1:30-3:30 PM Art/Science interdisciplinary workshop for students, Geology Dept. Ray Troll's Shark Evolution and Forensics.
3:30-5:00 PM Individual faculty and student meetings, Geology Department.
7:30-8:30 PM Public lecture: "Cruisin' the Fossil Freeway: An Artists View of the History of Life" in honor of Darwin Week Celebration. Ecology auditorium.
8:30-9:30 PM, Book Signing, Ecology Reception area.


South American stream

June 2009 Ecuador Classroom.

In late June, twenty outstanding Georgia teachers will accompany Dr. Carol Hoffman, the museum's Curator of Education and Outreach, and Anne Shenk, Director of Education at the State Botanical Garden, to Ecuador to explore tropical ecology and learn about the global connections between Georgia and South America. Ecuador (a country the size of Georgia and Alabama) has an amazing diversity of habitats (snow-capped Andean mountains to hot, humid forests). Teachers will start by discovering the Maquipucuna Reserve, a cool cloud forest which known as one of the world's biodiversity "hotspots". Teachers will encounter leaf cutter ants, morpho butterflies, toucans, parrots, and countless flowering plants. Next they visit the paramo, a high elevation tropical treeless environment in the shadow of Cotopaxi volcano, one of the highest mountains in the Andes. OrchidThey will visit traditional markets and explore ecology in a human context, including how alternative economic activities can protect natural areas and what Georgians can do to preserve natural environments in the tropics as well as in Georgia. Dr. Hoffman and Ms. Shenk were awarded a grant from the US Department of Education's Improving Teacher Quality program to enhance instruction for Georgia students.


Sample Range Map

March 2009 Fishes of Georgia website.

New to the Georgia Museum of Natural History web exhibits is the Fishes of Georgia website. There are over 325 species of fish that occur primarily in the freshwaters of Georgia. This list includes 8 federally listed species, 57 state listed species, at least 15 introduced species and 8 endemic species. Approximately one-third of the freshwater fish fauna is considered imperiled and at least 6 species may be extirpated from the state's waters. Browse the distribution maps and photos of Georgia's freshwater fish.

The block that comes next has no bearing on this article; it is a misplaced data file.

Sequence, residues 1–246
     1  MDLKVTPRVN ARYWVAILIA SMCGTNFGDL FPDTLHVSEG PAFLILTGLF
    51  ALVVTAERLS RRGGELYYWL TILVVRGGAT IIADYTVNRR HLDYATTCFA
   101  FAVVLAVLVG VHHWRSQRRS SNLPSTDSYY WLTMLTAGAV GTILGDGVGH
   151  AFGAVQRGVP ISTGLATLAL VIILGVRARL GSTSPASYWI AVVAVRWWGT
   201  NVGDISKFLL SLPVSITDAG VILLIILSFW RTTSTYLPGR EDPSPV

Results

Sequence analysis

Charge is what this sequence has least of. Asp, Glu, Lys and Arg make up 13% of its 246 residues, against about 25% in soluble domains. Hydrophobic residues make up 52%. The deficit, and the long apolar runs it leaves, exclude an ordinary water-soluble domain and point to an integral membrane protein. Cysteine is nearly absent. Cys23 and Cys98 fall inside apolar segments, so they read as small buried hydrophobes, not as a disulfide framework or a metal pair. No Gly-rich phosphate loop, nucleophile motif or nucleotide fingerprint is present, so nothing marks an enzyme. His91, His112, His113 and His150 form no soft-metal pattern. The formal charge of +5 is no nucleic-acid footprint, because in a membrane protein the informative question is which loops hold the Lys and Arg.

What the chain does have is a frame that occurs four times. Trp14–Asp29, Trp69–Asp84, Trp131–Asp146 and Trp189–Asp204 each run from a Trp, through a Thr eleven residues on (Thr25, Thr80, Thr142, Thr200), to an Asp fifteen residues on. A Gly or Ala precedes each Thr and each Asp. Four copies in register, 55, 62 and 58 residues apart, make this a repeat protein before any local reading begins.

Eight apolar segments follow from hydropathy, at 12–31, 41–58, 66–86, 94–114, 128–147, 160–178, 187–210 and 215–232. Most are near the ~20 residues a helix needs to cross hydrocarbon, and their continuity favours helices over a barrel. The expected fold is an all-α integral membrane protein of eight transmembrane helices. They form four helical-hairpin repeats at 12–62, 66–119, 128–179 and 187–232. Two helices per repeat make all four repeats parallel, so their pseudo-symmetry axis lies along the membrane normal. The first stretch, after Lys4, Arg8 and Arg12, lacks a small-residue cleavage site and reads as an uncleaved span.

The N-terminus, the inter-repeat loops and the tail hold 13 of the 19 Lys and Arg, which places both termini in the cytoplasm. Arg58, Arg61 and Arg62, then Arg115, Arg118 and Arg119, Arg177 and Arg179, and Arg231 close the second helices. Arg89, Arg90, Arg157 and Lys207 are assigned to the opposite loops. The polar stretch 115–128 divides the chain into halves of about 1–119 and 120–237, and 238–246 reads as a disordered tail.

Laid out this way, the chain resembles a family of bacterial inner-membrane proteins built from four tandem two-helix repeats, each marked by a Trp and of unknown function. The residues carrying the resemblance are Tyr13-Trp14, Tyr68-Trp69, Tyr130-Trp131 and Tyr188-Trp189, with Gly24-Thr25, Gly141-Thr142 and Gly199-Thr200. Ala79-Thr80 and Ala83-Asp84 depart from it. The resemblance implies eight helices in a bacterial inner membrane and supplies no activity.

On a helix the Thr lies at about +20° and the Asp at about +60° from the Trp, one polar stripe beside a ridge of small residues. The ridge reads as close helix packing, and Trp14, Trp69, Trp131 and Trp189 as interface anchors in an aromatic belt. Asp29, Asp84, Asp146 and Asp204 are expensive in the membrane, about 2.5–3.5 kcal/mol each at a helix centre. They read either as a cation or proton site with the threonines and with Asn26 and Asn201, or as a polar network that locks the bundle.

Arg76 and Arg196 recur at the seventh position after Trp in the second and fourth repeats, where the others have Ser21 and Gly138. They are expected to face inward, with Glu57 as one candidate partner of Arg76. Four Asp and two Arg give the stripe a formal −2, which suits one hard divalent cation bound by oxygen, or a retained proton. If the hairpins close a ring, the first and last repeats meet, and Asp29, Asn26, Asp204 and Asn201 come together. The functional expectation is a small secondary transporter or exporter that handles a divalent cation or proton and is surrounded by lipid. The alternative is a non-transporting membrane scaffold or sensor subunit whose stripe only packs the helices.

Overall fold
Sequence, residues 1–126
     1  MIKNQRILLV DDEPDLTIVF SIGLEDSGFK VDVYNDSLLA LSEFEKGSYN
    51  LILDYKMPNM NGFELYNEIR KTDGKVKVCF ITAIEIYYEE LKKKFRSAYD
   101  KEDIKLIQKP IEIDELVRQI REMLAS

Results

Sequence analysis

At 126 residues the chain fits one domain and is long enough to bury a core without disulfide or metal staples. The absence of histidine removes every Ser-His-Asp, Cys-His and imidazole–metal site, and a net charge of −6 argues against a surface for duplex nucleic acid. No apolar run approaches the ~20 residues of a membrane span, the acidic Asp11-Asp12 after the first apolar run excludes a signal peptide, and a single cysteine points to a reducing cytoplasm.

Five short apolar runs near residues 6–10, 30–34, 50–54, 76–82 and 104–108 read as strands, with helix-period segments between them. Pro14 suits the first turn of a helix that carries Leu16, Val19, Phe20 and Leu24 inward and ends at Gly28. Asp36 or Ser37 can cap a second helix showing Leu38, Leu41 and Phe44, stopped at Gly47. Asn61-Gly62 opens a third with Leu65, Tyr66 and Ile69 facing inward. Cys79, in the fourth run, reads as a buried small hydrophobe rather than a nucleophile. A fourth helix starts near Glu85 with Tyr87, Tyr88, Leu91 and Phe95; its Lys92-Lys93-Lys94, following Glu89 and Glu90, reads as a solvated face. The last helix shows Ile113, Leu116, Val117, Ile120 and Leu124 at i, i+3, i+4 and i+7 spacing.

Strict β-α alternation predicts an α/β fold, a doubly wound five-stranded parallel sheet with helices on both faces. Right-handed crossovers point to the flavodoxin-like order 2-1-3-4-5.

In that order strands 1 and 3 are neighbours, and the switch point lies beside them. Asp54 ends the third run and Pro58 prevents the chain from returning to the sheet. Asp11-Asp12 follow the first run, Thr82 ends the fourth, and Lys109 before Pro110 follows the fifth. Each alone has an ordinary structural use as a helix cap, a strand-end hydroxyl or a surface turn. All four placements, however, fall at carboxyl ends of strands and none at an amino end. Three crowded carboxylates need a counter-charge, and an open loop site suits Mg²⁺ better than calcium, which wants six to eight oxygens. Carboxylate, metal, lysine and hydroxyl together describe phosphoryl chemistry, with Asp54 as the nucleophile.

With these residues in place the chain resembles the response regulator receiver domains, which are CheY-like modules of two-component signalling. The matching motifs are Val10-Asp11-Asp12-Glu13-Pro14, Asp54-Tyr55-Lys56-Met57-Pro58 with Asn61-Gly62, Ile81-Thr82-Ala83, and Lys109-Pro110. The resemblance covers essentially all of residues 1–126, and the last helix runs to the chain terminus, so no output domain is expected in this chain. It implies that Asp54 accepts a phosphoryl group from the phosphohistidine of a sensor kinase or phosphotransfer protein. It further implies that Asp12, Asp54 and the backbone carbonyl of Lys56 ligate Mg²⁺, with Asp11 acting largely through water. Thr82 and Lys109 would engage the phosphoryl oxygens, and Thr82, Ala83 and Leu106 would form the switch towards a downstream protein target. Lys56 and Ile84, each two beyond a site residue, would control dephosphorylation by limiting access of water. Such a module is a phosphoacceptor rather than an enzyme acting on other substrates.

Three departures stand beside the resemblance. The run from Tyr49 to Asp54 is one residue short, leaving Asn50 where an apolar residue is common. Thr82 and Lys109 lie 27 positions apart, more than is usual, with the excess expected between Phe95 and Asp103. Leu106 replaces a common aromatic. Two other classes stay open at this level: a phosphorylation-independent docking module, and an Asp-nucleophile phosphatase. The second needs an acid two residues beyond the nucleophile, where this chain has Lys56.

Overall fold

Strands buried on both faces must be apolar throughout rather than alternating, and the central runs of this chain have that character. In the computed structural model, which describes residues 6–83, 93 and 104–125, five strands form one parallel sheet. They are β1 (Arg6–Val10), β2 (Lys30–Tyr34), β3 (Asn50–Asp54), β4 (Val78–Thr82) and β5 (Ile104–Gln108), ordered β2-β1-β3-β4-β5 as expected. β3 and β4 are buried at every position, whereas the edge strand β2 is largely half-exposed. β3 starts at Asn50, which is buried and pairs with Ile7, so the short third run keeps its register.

Visit the Fishes of Georgia website.


Habitat Map of Georgia

December 2008 Habitats of Georgia page.

Habitat Map of Georgia

Georgia is a diverse state, with many habitats from coastal beaches to mountain hardwood forests. The Georgia Museum of Natural History launched its new Habitats of Georgia Website, funded by the Georgia Department of Natural Resources Watchable Wildlife Program. This website provides online slide-shows of Georgia's habitats and a downloadable Google Earth file of localities within each habitat type that can be visited.

Visit the Habitats of Georgia page.


November 2008 Georgia Museum of Natural History acquires Singer Moye Indian Mounds.

Singer Moye Shaded Plan

November 17 marked the official transfer of the "Singer-Moye" site, an indian mound site found in Stewart County Georgia, from the Columbus Museum to the Georgia Museum of Natural History. The site contains eight known mounds from the Mississippian period and covers approximately 43 acres.

Singer Moye Elevation

July 2008 New whale skeleton on display in the Discovery Room.

Whale skeleton

New on display in the Discovery Room, a pygmy sperm whale (Kogia breviceps) skeleton. Pygmy sperm whales are small toothed whales. The specimen on display measures over 10 feet in length. More information about pygmy sperm whales can be found here.


© 2009 Georgia Museum of Natural History